This feature of the tax system is there because Governments of different party political persuasion have wanted to encourage employees to behave sensibly and responsibly by saving for their futures. It would be helpful if the Minister indicated whether the level of take-up is sufficiently high to justify Government incentivisation and intervention in this aspect of the tax system. This is one of the first changes to SIPs in a very long time, so is he sure that the change will, in and of itself, increase take-up? Is there sufficient knowledge of these schemes to ensure that they are as successful and taken up as much as possible?

Photo of David Gauke David Gauke The Exchequer Secretary

The clause, as we heard, increases the limits on the value of shares that employees can obtain under share incentive plans. SIPs are all-employee share schemes under which employees can purchase shares or have shares awarded to them, with favourable tax treatment.

The clause increases, from 6 April 2014, the maximum value of SIP free shares that can be awarded annually to an employee from £3,000 to £3,600, and the maximum value of SIP partnership shares that an employee can purchase annually from £1,500 to £1,800. By helping employees to acquire a stake in the company they work for, SIPs have an important role in encouraging the work force to identify with the fortunes of the enterprise and to share in its success.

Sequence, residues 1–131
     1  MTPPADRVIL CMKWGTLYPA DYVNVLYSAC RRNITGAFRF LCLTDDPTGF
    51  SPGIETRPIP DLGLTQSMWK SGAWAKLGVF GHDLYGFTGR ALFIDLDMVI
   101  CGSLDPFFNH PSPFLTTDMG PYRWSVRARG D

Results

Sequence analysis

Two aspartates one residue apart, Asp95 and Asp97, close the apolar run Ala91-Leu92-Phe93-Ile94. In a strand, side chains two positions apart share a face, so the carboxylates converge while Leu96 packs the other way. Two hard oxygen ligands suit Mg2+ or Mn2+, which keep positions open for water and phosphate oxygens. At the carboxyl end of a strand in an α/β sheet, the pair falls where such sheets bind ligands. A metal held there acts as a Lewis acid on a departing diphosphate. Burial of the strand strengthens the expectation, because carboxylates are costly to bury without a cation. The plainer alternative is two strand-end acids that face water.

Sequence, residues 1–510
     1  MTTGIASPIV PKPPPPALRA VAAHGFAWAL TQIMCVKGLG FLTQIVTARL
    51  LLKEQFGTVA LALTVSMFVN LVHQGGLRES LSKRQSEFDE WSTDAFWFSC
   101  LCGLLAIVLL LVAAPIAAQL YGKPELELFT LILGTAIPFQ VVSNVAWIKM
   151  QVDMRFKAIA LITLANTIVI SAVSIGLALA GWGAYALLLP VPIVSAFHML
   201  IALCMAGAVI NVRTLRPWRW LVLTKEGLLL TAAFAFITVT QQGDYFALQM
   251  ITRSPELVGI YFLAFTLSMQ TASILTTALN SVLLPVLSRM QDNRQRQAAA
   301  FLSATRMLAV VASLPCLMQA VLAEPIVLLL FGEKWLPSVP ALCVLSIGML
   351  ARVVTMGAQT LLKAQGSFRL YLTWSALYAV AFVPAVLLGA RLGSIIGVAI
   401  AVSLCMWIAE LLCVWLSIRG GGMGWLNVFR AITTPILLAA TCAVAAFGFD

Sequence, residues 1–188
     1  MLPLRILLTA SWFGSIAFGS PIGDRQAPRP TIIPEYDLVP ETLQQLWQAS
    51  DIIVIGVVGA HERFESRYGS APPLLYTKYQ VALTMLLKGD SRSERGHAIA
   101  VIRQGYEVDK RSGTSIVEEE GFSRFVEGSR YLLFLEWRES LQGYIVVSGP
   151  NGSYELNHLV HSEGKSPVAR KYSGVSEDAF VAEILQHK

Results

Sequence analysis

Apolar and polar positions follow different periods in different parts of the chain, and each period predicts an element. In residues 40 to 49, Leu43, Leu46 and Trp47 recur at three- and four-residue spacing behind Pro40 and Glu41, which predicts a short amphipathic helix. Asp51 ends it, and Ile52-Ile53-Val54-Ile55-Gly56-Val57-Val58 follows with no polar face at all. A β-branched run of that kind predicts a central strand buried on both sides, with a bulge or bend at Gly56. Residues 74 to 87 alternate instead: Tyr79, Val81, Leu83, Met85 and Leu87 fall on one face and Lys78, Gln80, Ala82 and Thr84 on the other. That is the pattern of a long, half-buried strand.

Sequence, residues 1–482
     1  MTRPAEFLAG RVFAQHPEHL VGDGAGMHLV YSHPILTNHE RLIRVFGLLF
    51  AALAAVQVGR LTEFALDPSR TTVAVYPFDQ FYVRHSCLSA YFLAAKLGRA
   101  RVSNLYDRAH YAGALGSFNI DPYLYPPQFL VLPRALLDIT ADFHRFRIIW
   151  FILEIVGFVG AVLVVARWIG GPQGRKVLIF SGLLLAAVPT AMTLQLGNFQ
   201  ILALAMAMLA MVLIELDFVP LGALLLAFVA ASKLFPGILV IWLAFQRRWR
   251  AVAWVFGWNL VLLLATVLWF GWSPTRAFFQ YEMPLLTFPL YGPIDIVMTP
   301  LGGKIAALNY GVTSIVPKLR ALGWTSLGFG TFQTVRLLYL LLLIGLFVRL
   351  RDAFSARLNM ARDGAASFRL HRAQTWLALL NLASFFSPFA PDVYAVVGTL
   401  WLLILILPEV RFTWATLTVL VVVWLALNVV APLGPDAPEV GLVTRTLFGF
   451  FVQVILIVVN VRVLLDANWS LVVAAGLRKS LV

As a separate matter, we have also increased through secondary legislation the limits on the maximum amount employees can save under tax-advantaged save-as-you-earn share option schemes. These increases to the limits under the all-employee SIP and SAYE underline the Government’s commitment to the schemes, which are popular with employees and employers alike.

To answer the hon. Lady’s questions on take-up, in 2011-12 the number of companies with tax-advantaged  employee schemes increased by 3%, to 9,260. Clearly, this measure should support that and a significant increase in the limit may further encourage take-up.

On whether the limits should be indexed and rise annually in the same way that ISA limits increase—we received a representation on that—it is worth saying that there are differences between SIP and SAYE employee share arrangements, which are available only to employees of certain companies, and ISAs, which are general purpose broad-based mainstream savings accounts used by millions of savers. Different considerations must be taken into account when setting limits for these schemes, including the need to ensure a fair distribution of tax advantages and helping people achieve flexibility in the way that they save and invest.

The increases in the SIP and SAYE limits that we have announced are significant and exceed a simple indexation of last year’s limits. Although we continue to keep the limits under review, it is preferable to make ad hoc increases when we judge that they are affordable and when the time is right, rather than tying ourselves to a particular formula for annual increases.

The clause makes the scheme more generous and it has been widely welcomed. I hope that the clause meets with the approval of the Committee.

Question put and agreed to.

Clause 46 accordingly ordered to stand part of the Bill.